Police Chief Tony Holloway has become an issue in the St. Petersburg mayoral campaign, as Rick Kriseman has been on the offensive about public safety, especially with crime down from the era of past mayor and present candidate Rick Baker.
The two squared off Wednesday night during an hour-long debate sponsored by the Council on Neighborhood Associations and moderated by Tampa Bay Times political editor Adam C. Smith at the Sunshine Center.
Kriseman has boasted about his selection of Holloway, a former Clearwater Police Chief, and said that unlike his opponent, he was dedicated to bringing him back. The crime rate is down from the Baker days, but it is in most cities compared to a decade ago.
Baker has been ambiguous about Holloway, but said he didn’t appreciate Kriseman’s references that he wouldn’t keep Holloway around.
Instead, he said that he has objected to the fact that Holloway doesn’t live in St. Petersburg, and emphasized that has been his only criticism of the chief.
“I’ve met with Chief Holloway. I like him. I see no reason why there’s an impediment towards being able to work with him,” Baker said. “The Mayor keeps on implying that I’m going to get rid of Chief Holloway. What I’ve said is, I’m not going to make any decisions on any staff … until I’m mayor.”
But Baker said if he were to win and chose to retain Holloway, he’d have to change some of his policies, such as eliminating the Street Crimes Unit and Auto Theft Unit — changes that Kriseman said that Holloway made.
After Baker announced he would challenge Kriseman’s re-election, he launched an aggressive campaign that kept the pressure on the incumbent throughout the primary. Polls showed Baker might have been able to win the mayoral contest outright.
That didn’t happen and since then the race has de-intensified. Recent public polling shows the race as tight as it was on primary election night, when the two candidates finished in virtual tie (Kriseman won 70 more votes).
The candidates opened up by offering bromides about their love and appreciation for the neighborhoods before reiterating familiar criticisms that have played out over the past four months, going back to the their first debate in late June.
The sharpest divisions came on the issue of spending, with Baker claiming that Kriseman has hired “close to 200” more staffers than he did. Kriseman dismissed the criticism, citing a PolitiFact article that rebuked the notion that he has spent excessively on high salaried employees.
Baker disputed that there was any such article. In fact, the Tampa Bay Times published a PolitFact article on the issue, but it was ambiguous, claiming who had the definitive word on the matter (the story did report that when it came to highly-paid employees, at his peak Baker had 95 such employees, while Kriseman had 79).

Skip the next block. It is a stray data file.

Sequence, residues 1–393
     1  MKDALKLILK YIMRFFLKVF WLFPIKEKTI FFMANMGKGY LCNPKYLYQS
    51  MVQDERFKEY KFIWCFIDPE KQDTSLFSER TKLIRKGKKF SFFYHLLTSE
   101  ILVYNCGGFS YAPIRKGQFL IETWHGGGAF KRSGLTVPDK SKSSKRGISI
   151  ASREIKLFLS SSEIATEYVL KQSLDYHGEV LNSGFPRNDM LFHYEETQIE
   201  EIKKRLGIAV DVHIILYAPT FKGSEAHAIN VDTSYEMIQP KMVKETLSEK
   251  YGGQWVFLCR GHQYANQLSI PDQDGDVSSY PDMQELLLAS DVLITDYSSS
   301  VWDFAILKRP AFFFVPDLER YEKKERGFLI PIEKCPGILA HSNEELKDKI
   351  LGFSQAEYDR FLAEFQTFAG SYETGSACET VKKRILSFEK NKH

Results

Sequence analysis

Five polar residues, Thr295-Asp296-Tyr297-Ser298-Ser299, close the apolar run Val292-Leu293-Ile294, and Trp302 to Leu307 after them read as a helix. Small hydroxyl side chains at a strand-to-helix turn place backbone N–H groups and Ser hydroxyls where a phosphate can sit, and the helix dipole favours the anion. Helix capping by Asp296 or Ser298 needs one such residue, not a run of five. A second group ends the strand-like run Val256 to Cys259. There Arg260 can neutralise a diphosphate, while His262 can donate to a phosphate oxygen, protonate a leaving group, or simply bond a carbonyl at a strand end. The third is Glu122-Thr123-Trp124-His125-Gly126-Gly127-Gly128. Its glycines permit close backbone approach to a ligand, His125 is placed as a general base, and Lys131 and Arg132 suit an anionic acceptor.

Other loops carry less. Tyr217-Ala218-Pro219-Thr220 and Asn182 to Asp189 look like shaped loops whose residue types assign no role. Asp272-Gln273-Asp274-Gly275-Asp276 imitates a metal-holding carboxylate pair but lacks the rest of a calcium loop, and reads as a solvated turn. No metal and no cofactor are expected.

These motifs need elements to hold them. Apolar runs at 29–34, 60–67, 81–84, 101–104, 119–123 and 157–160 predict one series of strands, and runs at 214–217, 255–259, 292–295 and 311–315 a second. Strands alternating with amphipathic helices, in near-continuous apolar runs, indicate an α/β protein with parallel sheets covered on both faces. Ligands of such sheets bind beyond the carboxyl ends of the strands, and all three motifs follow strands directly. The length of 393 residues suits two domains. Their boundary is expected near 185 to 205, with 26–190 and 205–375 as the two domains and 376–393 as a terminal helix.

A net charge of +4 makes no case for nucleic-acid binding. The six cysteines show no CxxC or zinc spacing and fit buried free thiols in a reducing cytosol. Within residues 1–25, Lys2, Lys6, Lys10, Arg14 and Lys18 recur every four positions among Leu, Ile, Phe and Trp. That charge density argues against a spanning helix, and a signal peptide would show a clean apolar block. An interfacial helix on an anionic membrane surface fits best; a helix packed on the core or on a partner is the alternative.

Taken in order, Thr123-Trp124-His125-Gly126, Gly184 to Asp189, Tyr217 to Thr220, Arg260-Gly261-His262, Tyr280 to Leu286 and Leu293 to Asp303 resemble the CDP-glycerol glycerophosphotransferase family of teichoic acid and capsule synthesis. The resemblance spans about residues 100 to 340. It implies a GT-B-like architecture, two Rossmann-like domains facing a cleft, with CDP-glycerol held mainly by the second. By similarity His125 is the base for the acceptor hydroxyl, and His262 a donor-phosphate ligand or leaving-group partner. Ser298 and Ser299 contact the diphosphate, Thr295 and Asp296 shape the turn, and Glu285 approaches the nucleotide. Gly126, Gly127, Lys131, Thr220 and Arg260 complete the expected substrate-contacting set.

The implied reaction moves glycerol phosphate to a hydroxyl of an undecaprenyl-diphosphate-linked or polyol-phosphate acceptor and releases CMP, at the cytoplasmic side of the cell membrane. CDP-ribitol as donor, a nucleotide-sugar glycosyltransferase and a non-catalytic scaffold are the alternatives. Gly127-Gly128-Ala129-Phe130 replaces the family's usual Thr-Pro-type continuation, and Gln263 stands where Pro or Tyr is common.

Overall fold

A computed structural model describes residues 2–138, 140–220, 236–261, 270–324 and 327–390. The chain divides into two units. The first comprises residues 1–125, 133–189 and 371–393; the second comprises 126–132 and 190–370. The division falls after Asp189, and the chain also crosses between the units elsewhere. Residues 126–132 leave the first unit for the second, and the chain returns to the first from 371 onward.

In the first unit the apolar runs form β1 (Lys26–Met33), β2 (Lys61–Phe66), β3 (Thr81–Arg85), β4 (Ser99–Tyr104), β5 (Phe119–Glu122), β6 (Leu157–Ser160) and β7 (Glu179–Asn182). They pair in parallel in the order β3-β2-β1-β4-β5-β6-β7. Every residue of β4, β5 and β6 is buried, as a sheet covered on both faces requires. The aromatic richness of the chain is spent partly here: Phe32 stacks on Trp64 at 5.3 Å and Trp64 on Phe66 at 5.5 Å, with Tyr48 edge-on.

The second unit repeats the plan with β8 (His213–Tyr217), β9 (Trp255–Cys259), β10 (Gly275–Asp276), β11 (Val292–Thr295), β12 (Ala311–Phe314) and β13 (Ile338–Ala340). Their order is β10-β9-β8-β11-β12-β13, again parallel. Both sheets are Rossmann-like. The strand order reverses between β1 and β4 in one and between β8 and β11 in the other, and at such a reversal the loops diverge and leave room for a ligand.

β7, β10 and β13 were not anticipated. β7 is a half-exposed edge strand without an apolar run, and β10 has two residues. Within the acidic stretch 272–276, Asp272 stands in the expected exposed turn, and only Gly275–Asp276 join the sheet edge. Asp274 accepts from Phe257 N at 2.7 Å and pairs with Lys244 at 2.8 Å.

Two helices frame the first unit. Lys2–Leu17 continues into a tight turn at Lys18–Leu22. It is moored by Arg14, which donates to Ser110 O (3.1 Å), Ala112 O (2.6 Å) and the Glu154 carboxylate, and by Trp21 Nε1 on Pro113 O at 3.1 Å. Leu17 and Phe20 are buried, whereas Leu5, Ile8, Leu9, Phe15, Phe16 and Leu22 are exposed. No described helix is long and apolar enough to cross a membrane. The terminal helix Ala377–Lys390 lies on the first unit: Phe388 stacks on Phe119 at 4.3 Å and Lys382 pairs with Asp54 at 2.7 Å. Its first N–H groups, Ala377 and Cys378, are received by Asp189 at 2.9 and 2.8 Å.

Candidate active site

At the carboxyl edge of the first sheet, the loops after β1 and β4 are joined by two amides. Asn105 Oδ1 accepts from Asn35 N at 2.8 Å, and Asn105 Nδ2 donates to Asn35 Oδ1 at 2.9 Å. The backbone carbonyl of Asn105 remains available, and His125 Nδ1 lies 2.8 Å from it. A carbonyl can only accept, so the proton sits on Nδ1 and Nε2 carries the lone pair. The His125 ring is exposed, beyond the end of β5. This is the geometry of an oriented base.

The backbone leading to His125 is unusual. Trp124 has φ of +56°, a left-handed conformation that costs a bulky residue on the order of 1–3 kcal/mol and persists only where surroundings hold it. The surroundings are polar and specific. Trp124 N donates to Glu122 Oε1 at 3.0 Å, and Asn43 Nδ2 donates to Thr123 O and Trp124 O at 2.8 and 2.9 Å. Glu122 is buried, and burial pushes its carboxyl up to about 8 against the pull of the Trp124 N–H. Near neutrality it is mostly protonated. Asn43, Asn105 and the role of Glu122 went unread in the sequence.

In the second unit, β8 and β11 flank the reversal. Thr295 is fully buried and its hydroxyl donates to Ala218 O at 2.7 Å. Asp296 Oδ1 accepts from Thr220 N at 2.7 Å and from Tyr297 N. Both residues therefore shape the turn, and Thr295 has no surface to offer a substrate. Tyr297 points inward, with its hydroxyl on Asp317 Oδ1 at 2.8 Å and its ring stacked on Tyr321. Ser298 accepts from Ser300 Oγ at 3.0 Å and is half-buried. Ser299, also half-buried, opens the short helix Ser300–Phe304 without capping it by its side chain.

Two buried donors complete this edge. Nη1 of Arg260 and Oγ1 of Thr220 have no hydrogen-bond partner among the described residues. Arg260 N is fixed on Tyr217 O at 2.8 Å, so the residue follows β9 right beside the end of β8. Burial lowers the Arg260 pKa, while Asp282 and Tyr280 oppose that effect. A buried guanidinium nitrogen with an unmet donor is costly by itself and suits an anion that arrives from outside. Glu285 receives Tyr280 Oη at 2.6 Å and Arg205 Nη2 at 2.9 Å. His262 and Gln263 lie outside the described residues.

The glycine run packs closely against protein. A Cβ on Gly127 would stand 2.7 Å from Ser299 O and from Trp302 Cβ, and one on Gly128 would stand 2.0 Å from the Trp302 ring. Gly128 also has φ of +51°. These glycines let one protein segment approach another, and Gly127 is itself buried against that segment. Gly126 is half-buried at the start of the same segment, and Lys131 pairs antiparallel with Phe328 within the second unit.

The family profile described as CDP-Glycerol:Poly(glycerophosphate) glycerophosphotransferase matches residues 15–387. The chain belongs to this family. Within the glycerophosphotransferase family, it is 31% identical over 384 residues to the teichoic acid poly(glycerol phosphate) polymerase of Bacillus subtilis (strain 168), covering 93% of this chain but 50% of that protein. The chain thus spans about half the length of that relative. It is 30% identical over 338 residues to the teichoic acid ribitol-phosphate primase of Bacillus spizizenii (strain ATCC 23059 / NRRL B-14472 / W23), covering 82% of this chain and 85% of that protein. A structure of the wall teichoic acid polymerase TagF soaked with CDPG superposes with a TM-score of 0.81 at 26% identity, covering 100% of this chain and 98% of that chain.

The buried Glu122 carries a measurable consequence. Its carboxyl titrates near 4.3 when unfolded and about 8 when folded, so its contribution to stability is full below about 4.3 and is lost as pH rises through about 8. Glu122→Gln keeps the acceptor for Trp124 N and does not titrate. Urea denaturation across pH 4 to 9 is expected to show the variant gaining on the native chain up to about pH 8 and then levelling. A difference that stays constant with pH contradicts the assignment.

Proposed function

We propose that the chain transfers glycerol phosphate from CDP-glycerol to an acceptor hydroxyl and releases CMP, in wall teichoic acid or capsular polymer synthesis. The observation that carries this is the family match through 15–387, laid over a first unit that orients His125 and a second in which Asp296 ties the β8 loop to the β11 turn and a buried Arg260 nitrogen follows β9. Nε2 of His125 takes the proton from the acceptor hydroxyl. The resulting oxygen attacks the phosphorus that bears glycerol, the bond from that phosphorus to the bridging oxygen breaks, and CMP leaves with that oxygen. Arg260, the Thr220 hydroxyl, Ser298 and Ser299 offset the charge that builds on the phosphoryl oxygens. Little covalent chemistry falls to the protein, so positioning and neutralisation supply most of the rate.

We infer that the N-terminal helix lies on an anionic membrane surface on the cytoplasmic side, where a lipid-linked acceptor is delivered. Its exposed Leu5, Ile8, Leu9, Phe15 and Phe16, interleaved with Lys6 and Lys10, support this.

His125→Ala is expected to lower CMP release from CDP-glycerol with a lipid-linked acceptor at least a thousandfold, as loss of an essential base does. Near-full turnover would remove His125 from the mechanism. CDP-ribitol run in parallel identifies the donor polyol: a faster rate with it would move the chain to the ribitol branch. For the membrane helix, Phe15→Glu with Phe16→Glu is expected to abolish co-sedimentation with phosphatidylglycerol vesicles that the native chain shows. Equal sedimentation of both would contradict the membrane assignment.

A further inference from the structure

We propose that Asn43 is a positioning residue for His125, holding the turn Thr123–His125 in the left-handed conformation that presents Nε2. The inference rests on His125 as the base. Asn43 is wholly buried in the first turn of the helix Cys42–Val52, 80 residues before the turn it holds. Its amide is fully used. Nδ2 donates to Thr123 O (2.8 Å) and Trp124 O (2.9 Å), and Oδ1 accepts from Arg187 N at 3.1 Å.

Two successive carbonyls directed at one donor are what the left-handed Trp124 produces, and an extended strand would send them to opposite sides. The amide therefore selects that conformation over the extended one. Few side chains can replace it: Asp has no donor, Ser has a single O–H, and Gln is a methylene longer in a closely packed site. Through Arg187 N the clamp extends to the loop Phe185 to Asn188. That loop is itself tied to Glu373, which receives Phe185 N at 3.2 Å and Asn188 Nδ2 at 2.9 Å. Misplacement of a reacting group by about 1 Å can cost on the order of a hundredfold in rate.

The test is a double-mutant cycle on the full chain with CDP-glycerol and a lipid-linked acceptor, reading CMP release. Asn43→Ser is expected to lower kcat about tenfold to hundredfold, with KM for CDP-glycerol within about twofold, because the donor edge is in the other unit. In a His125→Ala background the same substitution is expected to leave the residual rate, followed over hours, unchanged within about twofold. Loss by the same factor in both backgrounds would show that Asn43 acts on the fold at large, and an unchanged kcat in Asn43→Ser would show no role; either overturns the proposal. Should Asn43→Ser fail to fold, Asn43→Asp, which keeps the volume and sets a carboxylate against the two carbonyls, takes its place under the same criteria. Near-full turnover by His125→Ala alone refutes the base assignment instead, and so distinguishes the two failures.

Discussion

With just 20 days before Election Night, there’s very little territory that the two men haven’t discussed at length over the past four months, but some of the questions presented from the members of the Council of Neighborhood Associations were somewhat novel.
Many were not. Baker promised again that if is elected, he would get a new grocery store built in Midtown.
“I don’t agree with the concept by the mayor and his staff who have said that the people in Midtown can’t afford a neighborhood grocery store,” he said. “I believe that in Midtown we can handle a grocery store.”
Kriseman said that his staff was looking at “different models,” such as grocery stores with smaller footprints than traditional stores, as well as co-ops.
On the issue of mandatory curbside recycling, Baker defended the fact that didn’t go that far during his tenure as mayor.. He called the costs for it a regressive tax on those residents who can least afford to pay it. Kriseman followed up by saying that he’d like to consider the idea of composting.
“A lot of communities around the country are doing composting,” he said. “I think it’s something that we also ought to be taking a look at in the city.”
The age old campaign issues of sewage and sea level rise were again revisited. Baker said that he does believe that man has a role in climate change, and said he resented the “spin” that he’s a climate denier. “Sometimes spin can get to the point where it’s actually a lie,” he said.
The discussion allowed Kriseman to associate the former mayor with Sarah Palin and Rick Scott. Scott’s PAC has contributed to Baker’s campaign.
“Sometimes I think Rick Kriseman wishes I was running for governor or president,” Baker said, clearly annoyed. “He needs to start addressing the issues in the city of St. Petersburg.”
Baker bashed Kriseman for allowing the Tampa Bay Rays to negotiate talks with officials in Hillsborough County about a possible new location for a stadium. He said it looked obvious that the Rays would soon announce a site in Ybor City, and he said that Kriseman would have to own that if the team does relocate.
Kriseman dismissively said that Baker hadn’t been reading the papers, or else he would have read a report that the Ybor location is now out, with the team possibly looking in the Westshore area.
And he boasted that he was able to get the Rays to drop the provision in their original contract with the city if they move on getting 50 percent of the development rights to a refurbished Tropicana Field site.
“They only get to keep it if they stay in St. Pete, which is a pretty big carrot, for them when they’re trying to figure out how they’re going to finance their stadium,” Kriseman said.
Voting by mail continues daily. Election Day is Nov. 7.